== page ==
Indeed, the investment that he's built for the couple makes the jealousy and the fractures that Main's addictions bring all the more affecting and upsetting, and as a result their inevitable demise is hugely tragic to watch in a kind of Romeo and Juliet manner where the two can't be together despite their intense love for each other. Equally though, it's also safe to say that none of that would have been as effective as it is without such magnetic central performances, as Cooper delivers an easy career-best, and Gaga knocks it out of the park as a surprising tour de force in both the acting and the vocal departments.

If there was one criticism to be leveled at the film it would be that Cooper appears to be more fascinated with the romance than he is with the tragedy, as the complex demise of the relationship and the poisoning of Ally's success is executed far more quickly than its development is, which does make the final act a little less affecting than it could have been. However, in the same breath, it could be argued that that's partly what makes the themes translate so well as without the intense romance and investment in their characters, it wouldn't be so upsetting that everything good in their lives seems to be tainted as the film progresses.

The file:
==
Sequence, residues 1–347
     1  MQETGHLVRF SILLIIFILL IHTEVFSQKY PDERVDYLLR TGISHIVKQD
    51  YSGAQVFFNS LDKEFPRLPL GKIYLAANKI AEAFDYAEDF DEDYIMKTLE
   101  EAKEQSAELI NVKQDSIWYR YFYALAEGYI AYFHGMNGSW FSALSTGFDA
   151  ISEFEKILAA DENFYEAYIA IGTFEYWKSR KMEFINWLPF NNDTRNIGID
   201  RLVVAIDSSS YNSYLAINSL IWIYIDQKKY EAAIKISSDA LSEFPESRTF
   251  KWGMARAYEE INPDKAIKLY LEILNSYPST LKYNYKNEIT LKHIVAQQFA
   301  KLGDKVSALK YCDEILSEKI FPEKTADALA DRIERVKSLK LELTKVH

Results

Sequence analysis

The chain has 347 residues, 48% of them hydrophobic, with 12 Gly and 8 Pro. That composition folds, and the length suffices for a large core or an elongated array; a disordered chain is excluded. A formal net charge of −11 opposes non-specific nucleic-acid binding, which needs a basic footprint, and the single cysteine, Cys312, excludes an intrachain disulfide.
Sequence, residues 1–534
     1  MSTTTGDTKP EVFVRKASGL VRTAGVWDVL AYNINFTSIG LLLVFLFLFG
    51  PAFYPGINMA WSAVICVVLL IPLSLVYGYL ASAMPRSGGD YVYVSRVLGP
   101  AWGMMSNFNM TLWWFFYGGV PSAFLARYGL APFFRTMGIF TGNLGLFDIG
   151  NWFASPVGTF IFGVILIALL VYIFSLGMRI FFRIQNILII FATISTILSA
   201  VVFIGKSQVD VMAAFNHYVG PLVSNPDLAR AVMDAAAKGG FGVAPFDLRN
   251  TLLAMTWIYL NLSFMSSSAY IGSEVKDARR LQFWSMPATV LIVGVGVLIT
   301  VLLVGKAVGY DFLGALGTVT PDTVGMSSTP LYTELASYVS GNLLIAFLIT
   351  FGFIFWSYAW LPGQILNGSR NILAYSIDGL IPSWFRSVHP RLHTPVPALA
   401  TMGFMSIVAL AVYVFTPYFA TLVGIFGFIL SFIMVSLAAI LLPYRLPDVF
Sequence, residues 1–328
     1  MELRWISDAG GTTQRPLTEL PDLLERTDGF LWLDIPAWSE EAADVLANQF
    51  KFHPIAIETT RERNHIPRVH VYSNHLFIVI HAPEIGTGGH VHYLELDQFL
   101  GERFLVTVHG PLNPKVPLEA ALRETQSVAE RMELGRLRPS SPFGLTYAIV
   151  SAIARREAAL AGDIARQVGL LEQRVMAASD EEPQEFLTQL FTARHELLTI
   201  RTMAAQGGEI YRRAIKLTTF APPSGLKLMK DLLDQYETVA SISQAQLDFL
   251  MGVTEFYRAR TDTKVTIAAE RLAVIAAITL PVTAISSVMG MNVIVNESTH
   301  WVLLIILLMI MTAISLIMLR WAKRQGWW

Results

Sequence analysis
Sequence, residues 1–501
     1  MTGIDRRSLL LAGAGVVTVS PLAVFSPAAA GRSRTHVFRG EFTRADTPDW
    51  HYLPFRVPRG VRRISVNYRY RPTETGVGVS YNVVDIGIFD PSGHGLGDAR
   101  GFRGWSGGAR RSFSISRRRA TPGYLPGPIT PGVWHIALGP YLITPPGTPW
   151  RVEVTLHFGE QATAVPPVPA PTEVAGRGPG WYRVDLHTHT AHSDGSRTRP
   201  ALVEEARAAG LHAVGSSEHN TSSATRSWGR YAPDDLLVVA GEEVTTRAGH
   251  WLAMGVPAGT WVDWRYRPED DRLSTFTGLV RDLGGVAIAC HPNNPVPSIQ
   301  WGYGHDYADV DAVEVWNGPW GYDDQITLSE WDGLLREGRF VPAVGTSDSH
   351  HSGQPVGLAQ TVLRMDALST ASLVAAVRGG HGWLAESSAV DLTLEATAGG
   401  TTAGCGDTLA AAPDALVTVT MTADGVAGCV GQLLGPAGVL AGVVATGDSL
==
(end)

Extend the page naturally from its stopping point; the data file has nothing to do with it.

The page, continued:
In the end then, this latest A Star Is Born (2018), is a deeply complicated and tragic watch in which Cooper takes this classic premise and plays with the mid-tones so that nothing that appears to be good is good, and nothing that you might think would be evil is evil. That's a brave thing for any director to do, and even if the execution of the latter half of this film is a little less effective than the first, you can always rest assured that it's never over until the fat lady sings - a phrase that almost literally applies here.

Overall though, it's just a brilliant debut piece that certainly won't serve as a one-hit wonder, and will equally be far from a swan-song for Cooper behind the camera, or Gaga in front of it. People are already harping on about awards, and whilst we'll probably have to play it by ear in that department, it might be time for Cooper to get some speeches ready. He really did pull out all the stops here, and it's genuinely music to the ears.

Final Score: 8 out of 10

A Star Is Born • Run time 2:16 • Rated R - for language throughout, some sexuality/nudity and substance abuse

Tags: Reviews, Movies

About The Author

Movie-obsessed Brit and frequent FilmFed blog contributor Stories are role-play for the soul